Portland, OR. As mutual aid organizations all over Portland have arisen in response to the Black Lives Matter protests, nationwide police brutality, and the growing awareness of social justice activism, Brown Hope has taken strides in mutual aid efforts for Portland BIPOC. Founded in 2018, by Cameron Whitten, (seen above) with their mission directly informed by the needs of “Black, Brown, and Indigenous Portlanders” through trauma-informed activism, this completely volunteer-led organization is working within the community to make improvements for those historically marginalized communities in our city.
One of Brown Hope’s biggest achievements comes from their Black Resilience Fund program. Launched in the summer of 2020 with the goal of providing an immediate emergency funding resource for Black Portlanders, they successfully raised over $1 million in direct donations from 11,000 Portlanders in the short time frame of a single month. These funds are allocated as direct relief for BIPOC Portlanders, an admirable goal considering the financial hardship and trauma sprouting from this last year of the COVID-19 pandemic. Since its launch last summer (8 months ago as of this article), their website donations tracker now sits just shy of $2.25 million.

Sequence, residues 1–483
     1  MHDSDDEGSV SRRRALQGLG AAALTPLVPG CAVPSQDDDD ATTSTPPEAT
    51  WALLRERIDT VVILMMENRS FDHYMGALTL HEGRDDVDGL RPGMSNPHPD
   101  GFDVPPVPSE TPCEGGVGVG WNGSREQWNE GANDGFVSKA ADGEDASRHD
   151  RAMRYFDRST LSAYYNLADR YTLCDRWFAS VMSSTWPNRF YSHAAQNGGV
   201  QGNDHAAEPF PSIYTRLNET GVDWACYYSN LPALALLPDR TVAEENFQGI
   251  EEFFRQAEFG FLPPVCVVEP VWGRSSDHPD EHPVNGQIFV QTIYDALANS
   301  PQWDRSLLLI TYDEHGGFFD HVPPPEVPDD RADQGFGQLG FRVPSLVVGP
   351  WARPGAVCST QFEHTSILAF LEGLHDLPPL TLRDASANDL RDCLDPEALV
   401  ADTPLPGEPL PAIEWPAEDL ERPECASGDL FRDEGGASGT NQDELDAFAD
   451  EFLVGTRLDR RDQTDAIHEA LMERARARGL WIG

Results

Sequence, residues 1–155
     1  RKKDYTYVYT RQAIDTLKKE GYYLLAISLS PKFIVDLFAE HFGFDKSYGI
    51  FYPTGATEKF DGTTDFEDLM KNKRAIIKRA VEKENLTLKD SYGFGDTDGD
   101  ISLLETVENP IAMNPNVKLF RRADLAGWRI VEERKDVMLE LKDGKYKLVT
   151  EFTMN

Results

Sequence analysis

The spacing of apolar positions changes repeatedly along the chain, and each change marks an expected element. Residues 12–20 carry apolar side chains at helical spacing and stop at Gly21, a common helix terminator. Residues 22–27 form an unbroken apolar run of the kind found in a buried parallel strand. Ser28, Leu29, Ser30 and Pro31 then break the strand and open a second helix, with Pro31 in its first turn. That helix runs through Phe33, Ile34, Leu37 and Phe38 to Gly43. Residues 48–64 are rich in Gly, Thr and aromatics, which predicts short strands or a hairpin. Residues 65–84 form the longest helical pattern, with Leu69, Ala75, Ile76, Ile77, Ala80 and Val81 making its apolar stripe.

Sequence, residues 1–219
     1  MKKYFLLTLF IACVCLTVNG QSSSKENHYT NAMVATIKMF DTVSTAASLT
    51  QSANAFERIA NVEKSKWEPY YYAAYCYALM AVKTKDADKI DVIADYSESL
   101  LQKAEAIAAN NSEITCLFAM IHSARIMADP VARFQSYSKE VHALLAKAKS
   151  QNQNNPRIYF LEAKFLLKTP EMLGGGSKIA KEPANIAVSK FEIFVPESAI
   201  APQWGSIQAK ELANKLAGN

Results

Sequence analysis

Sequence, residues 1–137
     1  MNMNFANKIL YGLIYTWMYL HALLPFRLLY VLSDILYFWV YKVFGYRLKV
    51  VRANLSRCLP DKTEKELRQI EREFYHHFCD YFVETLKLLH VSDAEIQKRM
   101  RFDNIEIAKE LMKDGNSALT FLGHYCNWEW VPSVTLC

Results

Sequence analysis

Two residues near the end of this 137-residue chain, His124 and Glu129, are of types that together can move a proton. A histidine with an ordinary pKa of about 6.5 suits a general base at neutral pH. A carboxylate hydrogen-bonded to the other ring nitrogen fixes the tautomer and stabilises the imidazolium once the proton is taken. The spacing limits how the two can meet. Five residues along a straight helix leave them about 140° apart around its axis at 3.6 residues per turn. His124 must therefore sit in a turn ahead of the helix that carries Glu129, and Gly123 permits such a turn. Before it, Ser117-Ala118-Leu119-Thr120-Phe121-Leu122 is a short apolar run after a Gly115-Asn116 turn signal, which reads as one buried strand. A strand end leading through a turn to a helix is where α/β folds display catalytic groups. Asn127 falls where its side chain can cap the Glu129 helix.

As an intentionally multifaceted organization to deal with a multifaceted and complex community, Brown Hope has founded multiple other initiatives to build up our community. Power Hour is a weekly community discussion meeting in which participants can receive food, drink, and most notably, direct cash reparations of $25 (an interesting aspect of Brown Hope’s mission considering the rarity of active reparations). Featuring a 45-minute discussion based around local community happenings, news, and needs, they encourage white folks to come and participate and/or donate their time. Another is Brown Hope’s Black Street Bakery which provides work opportunities for Black Portlanders while offering the community delicious baked goods.
Brown Hope understands that community building requires mutual aid and a multifaceted outlook on what our community needs are. Further, they know that the only way to go about enacting real change is by offering an ear to the community you’re working within. Brown Hope is a “healing initiative” first and foremost. They understand that justice is a collective experience that requires all of us to put our best foot forward.
You can donate to the Black Resilience Fund here.
A bit about Brown Hope from their website:
Brown Hope is a community solution for racial justice, creating connection with Black, Brown, and Indigenous leaders through the heart, mind, and voice to inspire our collective healing.
We envision a future where the truth about this nation’s long history of injustice is self-evident. We envision the survivors of this injustice taking the lead on change. We envision love as a lived, and collective, experience.